Six leading international environmentalists are in The Bahamas today to witness firsthand the state of marine life in a country known for the beauty of its turquoise seas. United by their desire to preserve and protect the Bahamian environment, the group includes, among others, the recipient of a U.S. presidential award for environmental conservation and prominent scientists committed to the survival of sea turtles.
Hosting the group is Save The Bays, a growing environmental movement comprised of Bahamian and international members dedicated to protecting the Bahamian environment through proactive policy change, education, legal action and advocacy. Save The Bays aims to unite stakeholders and combat the environmental threats currently jeopardizing the nation’s unique marine environment.
“Having such experienced and committed conservationists survey the various threats to our marine environments points to the increased international attention that is being focused on The Bahamas,” said Save The Bays CEO Lindsey McCoy. “These international conservationists recognize the critical importance of safeguarding the Bahamian environment, and we are honored they are taking the time out of their busy schedules to share their perspectives and expertise on how to protect our magnificent resources.”
Many of the attendees are members of the Waterkeeper Alliance, a global movement of 220 local “Keepers” that fight to stop polluters, protect their chosen waterways and champion clean water as a fundamental human right. The delegation includes Rachel Silverstein, Biscayne Bay Waterkeeper, Gabrielle Parent-Doliner, swim guides affiliate at Lake Ontario Waterkeeper, Archie Carr, who works for the Sea Turtle Conservancy, and Marydele Donnelly, also of the Sea Turtle Conservancy, Sharon Khan, Waterkeeper Alliance International Director, and Alex Matthiessen, former CEO and President of Hudson Riverkeeper, the original “Waterkeeper” and New York’s leading clean water advocate. As a special assistant at the U.S. Department of the Interior, Matthiessen received a Presidential Award for his work using America’s national parks to showcase, for millions of visitors each year, the home-scale application of renewable energy and energy efficiency. In addition to McCoy, local Save The Bays participants include directors Joseph Darville and Fred Smith, QC.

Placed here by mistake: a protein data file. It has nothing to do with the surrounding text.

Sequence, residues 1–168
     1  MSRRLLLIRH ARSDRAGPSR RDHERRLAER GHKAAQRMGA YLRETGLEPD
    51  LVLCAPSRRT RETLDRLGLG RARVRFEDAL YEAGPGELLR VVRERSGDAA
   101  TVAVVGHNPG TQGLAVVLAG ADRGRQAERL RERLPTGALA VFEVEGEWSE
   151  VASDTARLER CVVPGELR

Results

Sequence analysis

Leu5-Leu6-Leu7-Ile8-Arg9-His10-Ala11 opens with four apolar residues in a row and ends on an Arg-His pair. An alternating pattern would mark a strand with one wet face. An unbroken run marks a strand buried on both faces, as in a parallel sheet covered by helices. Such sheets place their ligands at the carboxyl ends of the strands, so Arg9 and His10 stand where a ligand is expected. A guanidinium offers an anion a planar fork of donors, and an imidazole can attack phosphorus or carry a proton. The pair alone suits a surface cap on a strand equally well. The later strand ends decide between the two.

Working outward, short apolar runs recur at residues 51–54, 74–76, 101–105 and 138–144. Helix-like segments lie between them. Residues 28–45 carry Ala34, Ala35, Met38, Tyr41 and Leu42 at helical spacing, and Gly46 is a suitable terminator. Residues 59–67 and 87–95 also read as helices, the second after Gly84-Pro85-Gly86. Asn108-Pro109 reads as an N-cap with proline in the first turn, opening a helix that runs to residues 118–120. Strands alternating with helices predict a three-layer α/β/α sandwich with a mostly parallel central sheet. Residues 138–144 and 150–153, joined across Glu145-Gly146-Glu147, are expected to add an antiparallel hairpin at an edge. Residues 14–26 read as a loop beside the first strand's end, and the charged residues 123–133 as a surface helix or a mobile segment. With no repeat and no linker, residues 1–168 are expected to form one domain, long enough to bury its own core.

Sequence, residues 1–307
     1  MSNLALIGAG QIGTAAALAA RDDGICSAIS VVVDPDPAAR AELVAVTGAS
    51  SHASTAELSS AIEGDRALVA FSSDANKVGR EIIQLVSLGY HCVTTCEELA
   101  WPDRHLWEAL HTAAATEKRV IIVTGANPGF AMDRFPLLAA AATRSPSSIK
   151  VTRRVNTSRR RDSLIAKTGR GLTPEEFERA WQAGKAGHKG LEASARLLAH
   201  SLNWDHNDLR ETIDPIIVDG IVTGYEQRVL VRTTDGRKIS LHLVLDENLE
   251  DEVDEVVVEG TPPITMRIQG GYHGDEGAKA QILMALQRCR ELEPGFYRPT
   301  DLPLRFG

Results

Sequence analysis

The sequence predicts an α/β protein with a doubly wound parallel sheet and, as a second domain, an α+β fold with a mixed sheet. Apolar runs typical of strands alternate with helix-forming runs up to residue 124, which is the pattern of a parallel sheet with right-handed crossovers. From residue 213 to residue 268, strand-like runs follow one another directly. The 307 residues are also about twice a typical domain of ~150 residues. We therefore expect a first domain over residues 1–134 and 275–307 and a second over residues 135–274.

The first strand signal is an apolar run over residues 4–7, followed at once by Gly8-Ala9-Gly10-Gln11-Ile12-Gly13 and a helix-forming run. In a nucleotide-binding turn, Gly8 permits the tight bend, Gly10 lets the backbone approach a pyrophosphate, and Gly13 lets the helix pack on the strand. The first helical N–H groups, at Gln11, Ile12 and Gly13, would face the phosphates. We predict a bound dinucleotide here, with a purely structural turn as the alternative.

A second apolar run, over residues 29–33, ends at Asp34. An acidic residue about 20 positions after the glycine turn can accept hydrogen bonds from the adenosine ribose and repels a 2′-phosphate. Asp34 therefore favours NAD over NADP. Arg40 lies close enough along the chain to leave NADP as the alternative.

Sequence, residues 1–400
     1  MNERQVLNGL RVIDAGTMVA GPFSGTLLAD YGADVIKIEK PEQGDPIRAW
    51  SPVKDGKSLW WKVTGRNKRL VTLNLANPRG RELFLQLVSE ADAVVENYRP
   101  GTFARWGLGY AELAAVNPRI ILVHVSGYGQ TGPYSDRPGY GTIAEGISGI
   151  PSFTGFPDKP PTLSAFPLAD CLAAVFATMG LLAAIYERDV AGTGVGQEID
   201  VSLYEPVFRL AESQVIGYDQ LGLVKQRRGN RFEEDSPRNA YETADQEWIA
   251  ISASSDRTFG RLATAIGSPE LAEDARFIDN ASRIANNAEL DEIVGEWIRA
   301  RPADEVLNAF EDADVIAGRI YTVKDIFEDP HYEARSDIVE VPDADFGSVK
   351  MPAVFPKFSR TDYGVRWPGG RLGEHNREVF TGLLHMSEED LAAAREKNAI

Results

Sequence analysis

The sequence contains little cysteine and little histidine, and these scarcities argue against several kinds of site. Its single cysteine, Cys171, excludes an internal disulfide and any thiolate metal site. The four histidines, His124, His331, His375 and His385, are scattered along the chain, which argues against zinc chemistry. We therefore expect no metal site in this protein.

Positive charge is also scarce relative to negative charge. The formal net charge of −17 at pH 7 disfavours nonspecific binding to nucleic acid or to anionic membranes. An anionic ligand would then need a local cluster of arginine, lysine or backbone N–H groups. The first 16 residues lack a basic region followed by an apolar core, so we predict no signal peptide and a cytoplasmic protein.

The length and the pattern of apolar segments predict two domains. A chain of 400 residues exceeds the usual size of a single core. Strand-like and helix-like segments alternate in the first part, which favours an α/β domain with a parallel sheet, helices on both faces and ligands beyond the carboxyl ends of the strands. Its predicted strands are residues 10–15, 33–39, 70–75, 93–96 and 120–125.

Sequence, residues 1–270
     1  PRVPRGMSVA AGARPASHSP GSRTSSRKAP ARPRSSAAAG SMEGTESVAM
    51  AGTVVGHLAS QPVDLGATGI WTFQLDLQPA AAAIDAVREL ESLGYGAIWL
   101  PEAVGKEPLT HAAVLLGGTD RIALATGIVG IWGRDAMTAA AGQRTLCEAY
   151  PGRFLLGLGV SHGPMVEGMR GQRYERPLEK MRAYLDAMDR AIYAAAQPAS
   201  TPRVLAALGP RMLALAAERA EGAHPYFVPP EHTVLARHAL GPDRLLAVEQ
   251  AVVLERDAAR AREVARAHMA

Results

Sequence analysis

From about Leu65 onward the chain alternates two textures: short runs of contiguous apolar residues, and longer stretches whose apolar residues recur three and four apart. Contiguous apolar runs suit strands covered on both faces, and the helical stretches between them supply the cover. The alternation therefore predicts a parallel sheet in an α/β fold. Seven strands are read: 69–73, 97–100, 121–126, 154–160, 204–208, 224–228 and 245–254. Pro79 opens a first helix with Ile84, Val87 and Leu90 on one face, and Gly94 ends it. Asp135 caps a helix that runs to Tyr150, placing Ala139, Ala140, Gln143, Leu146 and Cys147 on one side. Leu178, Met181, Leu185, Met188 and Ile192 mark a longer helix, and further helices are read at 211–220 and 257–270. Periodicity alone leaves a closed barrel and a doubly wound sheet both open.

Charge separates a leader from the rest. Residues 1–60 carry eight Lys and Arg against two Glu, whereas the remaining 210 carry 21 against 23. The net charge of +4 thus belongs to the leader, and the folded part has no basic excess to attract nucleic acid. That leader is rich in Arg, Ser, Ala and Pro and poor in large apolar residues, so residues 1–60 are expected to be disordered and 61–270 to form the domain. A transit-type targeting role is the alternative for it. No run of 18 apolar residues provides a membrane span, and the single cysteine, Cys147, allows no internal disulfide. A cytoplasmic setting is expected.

“This is a great opportunity to learn from experts who have turned their passion for protection of the world’s waters into viable volunteerism,” said Darville. “We have the most beautiful waters in the world and we are now in the process of organizing ongoing monitoring, a very ambitious goal, so our eyes and ears will be wide open to hear and benefit from what others have been doing in their parts of the world and providing advice for how we can best move forward with developing monitoring methods, schedules, a roster of volunteers, boats, recording and reporting equipment.”
The Bahamas Waterkeeper visit runs from July 29-31 and includes one Family Island visit.